Without doubt, Lee’s path to the precipice of the world championship he has long believed to be his destiny has been comparatively obstacle-free. A multi-sport star at the exclusive Benet Academy in Wheaton, Ill., he first drew attention as a boxer after winning three straight Bengal Bouts titles at Notre Dame, his “dream school” to which he transferred after spending his freshman year at the University of Missouri. The Bengal Bouts were started in 1920 by legendary Notre Dame football coach Knute Rockne on the principle that “strong bodies fight, that weak bodies may be nourished.” Toward that end, in Lee’s senior year the Bengal Bouts raised more than $100,000 to combat poverty in Bangladesh, where Lee traveled for two weeks to teach English and mathematics.

“Bangladesh opened my eyes,” Lee said of that experience. “To go to a Third World country like that and see people that are really struggling for simple necessities that we take for granted, it made me extremely grateful and, I think, a more charitable person.”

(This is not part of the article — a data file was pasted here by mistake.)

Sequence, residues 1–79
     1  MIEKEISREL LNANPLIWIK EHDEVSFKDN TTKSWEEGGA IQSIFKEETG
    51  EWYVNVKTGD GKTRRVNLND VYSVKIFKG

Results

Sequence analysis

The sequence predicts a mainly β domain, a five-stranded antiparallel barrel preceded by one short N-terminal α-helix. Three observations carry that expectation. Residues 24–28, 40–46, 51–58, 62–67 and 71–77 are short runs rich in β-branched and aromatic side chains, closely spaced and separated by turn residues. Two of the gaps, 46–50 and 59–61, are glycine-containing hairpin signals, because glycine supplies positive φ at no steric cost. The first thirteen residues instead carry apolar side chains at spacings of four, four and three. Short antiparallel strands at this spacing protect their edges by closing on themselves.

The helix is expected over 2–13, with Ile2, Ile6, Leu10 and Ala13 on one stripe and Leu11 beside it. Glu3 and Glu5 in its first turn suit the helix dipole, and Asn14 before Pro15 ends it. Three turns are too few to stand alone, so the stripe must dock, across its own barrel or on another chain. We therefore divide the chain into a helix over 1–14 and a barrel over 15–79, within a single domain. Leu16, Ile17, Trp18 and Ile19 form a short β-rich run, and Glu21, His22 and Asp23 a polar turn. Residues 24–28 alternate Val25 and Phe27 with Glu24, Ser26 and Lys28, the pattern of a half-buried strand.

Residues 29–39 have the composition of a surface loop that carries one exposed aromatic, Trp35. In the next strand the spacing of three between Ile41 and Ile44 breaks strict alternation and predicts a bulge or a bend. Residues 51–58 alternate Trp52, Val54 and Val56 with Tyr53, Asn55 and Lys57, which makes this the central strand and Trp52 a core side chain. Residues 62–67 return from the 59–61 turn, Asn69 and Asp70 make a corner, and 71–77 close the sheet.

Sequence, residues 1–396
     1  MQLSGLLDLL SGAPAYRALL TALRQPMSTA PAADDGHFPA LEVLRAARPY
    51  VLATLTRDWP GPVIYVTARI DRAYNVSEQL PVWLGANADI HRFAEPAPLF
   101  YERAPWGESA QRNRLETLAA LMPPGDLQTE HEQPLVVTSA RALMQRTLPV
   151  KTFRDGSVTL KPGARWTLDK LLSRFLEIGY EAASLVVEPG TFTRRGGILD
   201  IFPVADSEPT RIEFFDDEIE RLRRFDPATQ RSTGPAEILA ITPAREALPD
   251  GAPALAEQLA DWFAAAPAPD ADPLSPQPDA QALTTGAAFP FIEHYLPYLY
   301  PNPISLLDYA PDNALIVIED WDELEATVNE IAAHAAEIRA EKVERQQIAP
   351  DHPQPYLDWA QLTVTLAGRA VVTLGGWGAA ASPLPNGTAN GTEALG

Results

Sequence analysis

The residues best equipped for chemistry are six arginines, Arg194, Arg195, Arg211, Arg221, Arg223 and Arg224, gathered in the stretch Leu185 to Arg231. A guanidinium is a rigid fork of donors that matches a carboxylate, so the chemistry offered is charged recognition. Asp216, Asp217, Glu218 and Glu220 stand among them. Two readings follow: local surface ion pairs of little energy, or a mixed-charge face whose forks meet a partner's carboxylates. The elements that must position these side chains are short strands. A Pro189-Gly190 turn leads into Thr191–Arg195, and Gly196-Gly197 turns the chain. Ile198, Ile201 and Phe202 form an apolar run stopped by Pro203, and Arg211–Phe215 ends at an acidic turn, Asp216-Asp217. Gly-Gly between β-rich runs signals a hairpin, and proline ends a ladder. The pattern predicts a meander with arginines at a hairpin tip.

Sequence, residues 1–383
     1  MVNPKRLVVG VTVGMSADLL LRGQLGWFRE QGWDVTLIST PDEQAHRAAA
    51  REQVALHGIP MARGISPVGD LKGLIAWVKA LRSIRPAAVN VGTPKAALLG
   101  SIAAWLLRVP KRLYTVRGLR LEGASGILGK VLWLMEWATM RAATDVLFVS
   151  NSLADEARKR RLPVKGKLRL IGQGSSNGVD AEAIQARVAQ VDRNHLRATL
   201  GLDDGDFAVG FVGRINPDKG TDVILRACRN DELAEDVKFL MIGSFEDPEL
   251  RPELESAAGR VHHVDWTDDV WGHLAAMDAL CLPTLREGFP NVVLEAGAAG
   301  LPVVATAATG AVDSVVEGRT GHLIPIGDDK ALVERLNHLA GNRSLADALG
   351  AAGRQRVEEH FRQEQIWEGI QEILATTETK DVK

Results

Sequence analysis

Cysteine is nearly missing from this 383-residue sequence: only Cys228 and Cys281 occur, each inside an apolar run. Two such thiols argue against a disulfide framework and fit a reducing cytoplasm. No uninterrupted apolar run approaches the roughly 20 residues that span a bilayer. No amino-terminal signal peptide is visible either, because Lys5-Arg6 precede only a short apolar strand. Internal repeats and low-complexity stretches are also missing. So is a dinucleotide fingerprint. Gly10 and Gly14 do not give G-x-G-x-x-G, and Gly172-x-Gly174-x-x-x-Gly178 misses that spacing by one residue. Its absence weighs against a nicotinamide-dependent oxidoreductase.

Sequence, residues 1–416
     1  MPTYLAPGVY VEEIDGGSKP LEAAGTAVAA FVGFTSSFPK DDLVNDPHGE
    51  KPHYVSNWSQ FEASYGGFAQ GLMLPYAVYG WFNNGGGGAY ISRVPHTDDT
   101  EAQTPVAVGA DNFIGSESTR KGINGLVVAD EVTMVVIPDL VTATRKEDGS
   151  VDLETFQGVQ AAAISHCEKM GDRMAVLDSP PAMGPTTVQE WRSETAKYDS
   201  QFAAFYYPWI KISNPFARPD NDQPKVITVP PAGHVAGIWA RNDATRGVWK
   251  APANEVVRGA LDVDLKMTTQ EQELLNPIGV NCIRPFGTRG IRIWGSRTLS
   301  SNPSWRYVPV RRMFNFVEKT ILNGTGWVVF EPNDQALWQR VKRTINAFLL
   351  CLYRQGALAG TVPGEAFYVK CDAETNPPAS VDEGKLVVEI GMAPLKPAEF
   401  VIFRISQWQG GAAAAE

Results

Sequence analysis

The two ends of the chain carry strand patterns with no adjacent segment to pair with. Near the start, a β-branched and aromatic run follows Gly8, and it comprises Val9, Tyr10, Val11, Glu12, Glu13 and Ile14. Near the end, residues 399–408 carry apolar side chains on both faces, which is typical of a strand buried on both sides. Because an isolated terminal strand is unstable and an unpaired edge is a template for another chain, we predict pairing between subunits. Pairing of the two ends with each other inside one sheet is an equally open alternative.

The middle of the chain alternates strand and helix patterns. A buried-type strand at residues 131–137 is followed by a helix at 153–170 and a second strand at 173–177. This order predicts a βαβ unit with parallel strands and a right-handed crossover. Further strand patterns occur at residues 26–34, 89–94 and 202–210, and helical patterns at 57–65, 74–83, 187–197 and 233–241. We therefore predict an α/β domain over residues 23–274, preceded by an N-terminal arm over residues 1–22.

It came to the attention of Top Rank founder and chairman Bob Arum, who transformed blimpish Eric  “Butterbean” Esch and Latina hottie Mia St. John into TR undercard staples, that there were a couple of amateur boxers at Notre Dame that might also someday prove useful to his company’s bottom line. One was Tommy Zbikowski, an All-America safety and punt returner for the Fighting Irish who had had his first sanctioned amateur bout at the age of nine but had retained his love of boxing even as his reputation as a big-play-maker in football increasingly steered him in that direction. Arum paid Zbikowski $25,000 to make his pro debut, as a smallish heavyweight, on June 10, 2006, in Madison Square Garden, where he stopped Robert Bell in one round.

Arum said his interest in Zbikowski was piqued not only because he was a star football player, but because of his college affiliation. “Oh, absolutely,” Arum said in acknowledging that “Tommy Z” probably wouldn’t have gotten the Garden gig had he played at, say, Weber State or Northern Iowa. “Notre Dame has a cachet to it in athletics and popular culture.”

Although Zbikowski wound up having eight pro bouts, seven as a cruiserweight, and won them all with five KOs, he remains better known for his football exploits at Notre Dame and with the NFL’s Baltimore Ravens, for whom he was voted special-teams player of the year in 2009.